"Where there is no vision, the people perish: but he that keepeth the law, happy is he."
-- Proverbs 29:18, King James Bible (KJV)

Saturday, March 19, 2016

President Barack Obama's Option to APPOINT a Supreme Court Justice Due to WAIVER of Advice and Consent by the Senate

President Barack Obama actually has a simple solution available in handling the Senate refusal to follow normal procedures of "advice and consent" according to Article II, Section 2, paragraph 2 of the United States Constitution which provides that:
"[The President] shall have Power, by and with the Advice and Consent of the Senate, to make Treaties, provided two thirds of the Senators present concur; and he shall nominate, and by and with the Advice and Consent of the Senate, shall appoint Ambassadors, other public Ministers and Consuls, Judges of the Supreme Court, and all other Officers of the United States, whose Appointments are not herein otherwise provided for, and which shall be established by Law: but the Congress may by Law vest the Appointment of such inferior Officers, as they think proper, in the President alone, in the Courts of Law, or in the Heads of Departments." [emphasis added]
As provided in the Constitutional provision cited above, the President has the power to NOMINATE and also to APPOINT Supreme Court Justices in concert with the middle provision "by and with the Advice and Consent of the Senate". Nomination and appointment are two SEPARATE acts between which is sandwiched the "advice and consent" clause.

What would happen now if President Obama were to go on and actually APPOINT the previously nominated Merrick Brian Garland to the vacant seat on the U.S. Supreme Court?

The only recourse that the Senate of the United States would have would be to bring the case to that very same U.S. Supreme Court and to argue that the appointment is unconstitutional and thus null and void due to the failure of the President of the United States to obtain the constitutionally required "advice and consent" of the Senate.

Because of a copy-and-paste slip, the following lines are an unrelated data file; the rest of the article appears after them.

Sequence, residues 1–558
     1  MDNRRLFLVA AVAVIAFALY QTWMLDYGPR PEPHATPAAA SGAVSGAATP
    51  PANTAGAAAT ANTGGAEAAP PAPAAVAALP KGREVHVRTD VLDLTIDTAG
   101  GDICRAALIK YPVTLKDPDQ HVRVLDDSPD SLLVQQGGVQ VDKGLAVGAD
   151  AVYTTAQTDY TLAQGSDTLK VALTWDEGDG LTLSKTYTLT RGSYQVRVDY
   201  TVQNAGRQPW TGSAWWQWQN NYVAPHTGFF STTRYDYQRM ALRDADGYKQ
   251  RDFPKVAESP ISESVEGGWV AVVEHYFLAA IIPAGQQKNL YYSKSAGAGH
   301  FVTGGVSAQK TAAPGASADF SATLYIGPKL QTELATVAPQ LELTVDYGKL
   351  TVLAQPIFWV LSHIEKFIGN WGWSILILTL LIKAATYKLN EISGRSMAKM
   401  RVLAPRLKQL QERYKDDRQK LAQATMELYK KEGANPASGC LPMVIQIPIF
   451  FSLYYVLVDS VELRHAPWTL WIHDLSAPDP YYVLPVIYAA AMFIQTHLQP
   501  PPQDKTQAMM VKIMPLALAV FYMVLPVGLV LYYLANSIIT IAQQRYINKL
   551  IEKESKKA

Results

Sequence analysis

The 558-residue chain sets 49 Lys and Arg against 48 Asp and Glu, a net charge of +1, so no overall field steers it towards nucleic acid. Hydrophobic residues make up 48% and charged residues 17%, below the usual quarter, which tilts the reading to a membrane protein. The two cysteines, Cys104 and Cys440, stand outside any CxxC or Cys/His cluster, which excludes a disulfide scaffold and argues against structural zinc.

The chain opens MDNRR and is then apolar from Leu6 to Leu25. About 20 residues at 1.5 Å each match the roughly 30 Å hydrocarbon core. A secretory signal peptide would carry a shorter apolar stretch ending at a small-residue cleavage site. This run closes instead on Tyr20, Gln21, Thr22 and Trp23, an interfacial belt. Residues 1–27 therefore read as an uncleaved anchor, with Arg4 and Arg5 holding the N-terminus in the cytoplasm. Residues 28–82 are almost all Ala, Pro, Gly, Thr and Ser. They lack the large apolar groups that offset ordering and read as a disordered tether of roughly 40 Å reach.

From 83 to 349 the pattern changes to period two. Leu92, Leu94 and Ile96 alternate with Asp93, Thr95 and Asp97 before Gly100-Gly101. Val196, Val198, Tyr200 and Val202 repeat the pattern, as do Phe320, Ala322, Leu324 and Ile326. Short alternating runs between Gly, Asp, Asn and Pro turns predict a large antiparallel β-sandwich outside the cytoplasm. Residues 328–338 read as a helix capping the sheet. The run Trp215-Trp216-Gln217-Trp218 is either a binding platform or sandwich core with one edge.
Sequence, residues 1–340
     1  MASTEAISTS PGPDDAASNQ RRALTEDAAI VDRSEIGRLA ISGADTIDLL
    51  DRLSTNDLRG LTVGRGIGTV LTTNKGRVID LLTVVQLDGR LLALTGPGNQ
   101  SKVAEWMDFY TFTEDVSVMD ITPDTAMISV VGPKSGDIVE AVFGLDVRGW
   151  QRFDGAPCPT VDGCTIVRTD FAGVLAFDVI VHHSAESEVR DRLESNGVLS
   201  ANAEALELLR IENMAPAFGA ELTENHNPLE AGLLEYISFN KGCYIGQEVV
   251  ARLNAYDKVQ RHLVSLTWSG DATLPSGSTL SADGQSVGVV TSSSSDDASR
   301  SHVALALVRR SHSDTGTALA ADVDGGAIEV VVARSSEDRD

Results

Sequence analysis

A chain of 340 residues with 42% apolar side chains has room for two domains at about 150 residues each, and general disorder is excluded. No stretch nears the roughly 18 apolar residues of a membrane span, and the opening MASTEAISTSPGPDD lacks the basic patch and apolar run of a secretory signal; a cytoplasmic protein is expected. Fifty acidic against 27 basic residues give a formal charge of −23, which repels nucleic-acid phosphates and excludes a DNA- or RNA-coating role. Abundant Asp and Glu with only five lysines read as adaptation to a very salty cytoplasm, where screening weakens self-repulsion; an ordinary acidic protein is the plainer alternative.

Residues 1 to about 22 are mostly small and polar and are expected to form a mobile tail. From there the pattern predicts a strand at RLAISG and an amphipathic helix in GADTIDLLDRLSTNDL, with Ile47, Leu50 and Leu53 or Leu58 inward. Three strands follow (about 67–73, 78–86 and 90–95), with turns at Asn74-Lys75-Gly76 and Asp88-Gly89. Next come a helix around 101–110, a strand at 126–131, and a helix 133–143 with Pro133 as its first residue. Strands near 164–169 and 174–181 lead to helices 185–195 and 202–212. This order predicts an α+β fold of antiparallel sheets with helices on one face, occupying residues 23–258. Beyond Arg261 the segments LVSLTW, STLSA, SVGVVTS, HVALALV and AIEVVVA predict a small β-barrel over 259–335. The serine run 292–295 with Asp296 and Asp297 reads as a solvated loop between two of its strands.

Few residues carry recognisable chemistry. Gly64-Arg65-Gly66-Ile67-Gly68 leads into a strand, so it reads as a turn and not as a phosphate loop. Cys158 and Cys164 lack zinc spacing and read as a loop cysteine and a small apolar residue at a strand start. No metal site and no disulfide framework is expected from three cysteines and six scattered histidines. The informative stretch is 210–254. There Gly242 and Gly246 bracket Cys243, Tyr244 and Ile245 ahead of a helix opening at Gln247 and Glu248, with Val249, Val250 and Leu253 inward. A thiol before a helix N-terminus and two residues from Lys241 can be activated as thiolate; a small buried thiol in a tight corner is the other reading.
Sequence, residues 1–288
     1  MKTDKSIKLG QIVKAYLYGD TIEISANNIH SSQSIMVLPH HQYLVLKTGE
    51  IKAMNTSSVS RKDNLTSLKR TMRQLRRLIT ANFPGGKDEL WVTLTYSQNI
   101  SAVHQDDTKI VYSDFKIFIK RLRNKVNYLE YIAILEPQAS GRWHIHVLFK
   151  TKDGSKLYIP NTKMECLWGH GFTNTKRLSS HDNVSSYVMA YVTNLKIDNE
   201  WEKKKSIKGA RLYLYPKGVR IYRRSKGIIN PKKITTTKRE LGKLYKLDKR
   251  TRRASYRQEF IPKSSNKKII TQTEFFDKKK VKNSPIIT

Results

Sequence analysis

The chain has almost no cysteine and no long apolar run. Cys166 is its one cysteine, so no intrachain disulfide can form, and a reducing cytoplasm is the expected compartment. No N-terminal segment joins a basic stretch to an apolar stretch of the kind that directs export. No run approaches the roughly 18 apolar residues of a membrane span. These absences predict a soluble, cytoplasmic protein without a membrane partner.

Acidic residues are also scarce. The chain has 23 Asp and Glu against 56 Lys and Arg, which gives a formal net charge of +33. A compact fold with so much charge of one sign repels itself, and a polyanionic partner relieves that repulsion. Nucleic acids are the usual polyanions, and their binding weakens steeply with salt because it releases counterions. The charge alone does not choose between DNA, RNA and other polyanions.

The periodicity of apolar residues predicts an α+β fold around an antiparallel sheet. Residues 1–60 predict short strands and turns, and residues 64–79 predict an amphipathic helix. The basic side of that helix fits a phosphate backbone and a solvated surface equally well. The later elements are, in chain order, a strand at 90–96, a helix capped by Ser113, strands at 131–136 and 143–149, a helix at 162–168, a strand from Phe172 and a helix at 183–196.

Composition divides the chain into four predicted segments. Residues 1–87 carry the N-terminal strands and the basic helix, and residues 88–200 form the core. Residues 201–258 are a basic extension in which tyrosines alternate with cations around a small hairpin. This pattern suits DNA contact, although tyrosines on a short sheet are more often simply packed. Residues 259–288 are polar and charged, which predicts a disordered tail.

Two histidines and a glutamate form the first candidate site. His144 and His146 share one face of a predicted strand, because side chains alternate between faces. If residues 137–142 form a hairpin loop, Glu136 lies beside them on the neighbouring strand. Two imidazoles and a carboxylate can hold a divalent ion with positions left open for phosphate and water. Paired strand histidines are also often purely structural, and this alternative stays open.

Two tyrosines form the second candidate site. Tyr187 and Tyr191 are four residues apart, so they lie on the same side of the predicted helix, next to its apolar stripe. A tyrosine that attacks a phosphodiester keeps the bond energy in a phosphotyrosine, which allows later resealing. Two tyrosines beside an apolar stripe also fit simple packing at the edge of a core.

However, the Senate would be on very shaky legal footing.

The President would argue that he had fulfilled his Constitutional duty as President, had nominated Garland to the vacant position and had submitted that nomination to the U.S. Congress for its duties of "advice and consent", but that the Congress had publicly proclaimed and categorically so, that it would not carry out its Constitutional duties of "advice and consent" REGARDLESS of the NOMINEE, i.e. by not having any contact with the nominee, by not holding any hearings on the nomination, and by not voting on the nomination to determine if the required number of Senators consented to the nomination or not.

In other words, the President could argue that the Congress WAIVED the requirement of advice and consent by categorically and publicly declining to fulfill its Constitutional duty -- and had done so for publicly proclaimed POLITICAL rather than Constitutional reasons.

Regardless of the political leanings of the individual Justices, they would be hard-pressed to support the Senate's actions as a matter of Constitutional law.

The Senate Majority Leader, Mitch McConnell, has gone on record as saying that the reason for the Senate's declining to exercise its Constitutional duties of "advice and consent" is to "Give the people a voice in filling this vacancy", something which would allegedly occur by waiting until the next President is elected. See Senator Mitch McConnell on Merrick Garland Supreme Court Nomination at C-Span.